Fort Worth is the only major city in Texas that has not yet passed an ordinance to restrict payday lenders, but city leaders are reexamining the issue. City Manager Tom Higgins recently released a report for council members, noting that many cities that have enacted regulations have been sued by a payday lending trade group. Cities chose to issue rules limiting the high-interest, short-term loans after state lawmakers failed to do so last year.
Higgins' report, issued May 6, advised against taking immediate action. Instead, it recommended that Fort Worth authorities monitor the lawsuits against San Antonio and Dallas. Fort Worth is the home base for Cash America -- one of the country’s biggest payday lenders -- and large competitors such as Cash First and ACE Cash Express are based nearby. Fort Worth Mayor Betsy Price, who has criticized payday loans' high interest rates, also called for caution on interfering with market-driven activity. Instead, she recommended improved financial education for consumers.
A model ordinance designed by the Texas Municipal League does not cap interest rates but instead limits the loans to 20 percent of a borrower’s gross monthly income. It also forbids auto title loans from exceeding 3 percent of a consumer’s gross annual income or 70 percent of the vehicle’s retail value. Each refinancing or renewal also must repay at least 25 percent of the principal, and lenders must be registered with the city. Higgins recommended that Fort Worth use this example ordinance, but not enforce it until the lawsuits are resolved.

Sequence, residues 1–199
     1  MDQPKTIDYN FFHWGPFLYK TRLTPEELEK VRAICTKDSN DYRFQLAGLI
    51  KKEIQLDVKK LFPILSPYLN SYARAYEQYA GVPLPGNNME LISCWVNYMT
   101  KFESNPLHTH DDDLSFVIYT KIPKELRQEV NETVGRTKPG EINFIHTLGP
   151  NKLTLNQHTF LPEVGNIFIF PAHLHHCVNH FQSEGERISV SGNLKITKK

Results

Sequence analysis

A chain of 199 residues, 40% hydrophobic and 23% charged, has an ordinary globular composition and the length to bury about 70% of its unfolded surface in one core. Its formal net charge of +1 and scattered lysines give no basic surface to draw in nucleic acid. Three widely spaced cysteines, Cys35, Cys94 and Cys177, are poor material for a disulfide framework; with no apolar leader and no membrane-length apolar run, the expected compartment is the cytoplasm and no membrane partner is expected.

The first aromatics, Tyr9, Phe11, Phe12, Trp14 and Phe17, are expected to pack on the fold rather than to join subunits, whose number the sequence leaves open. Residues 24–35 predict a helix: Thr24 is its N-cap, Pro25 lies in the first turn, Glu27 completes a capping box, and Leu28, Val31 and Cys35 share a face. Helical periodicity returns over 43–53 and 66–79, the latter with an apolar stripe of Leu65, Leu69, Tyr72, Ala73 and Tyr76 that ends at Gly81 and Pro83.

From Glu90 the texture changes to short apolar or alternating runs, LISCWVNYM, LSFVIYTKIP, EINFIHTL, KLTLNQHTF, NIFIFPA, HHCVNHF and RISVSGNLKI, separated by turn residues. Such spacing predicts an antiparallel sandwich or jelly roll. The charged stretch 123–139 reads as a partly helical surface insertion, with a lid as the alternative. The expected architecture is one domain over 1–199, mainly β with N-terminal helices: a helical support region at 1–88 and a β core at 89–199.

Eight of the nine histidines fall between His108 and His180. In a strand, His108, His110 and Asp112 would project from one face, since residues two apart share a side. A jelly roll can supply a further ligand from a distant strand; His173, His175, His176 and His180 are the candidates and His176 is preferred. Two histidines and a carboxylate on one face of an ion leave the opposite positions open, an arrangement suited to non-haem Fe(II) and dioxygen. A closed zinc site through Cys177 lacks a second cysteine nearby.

The Consumer Alliance Service of Texas is the industry group behind most of the suits that challenge the city ordinances. A judge has already dismissed the case against Dallas, which argued that it has not enforced the ordinance; but the alliance has appealed.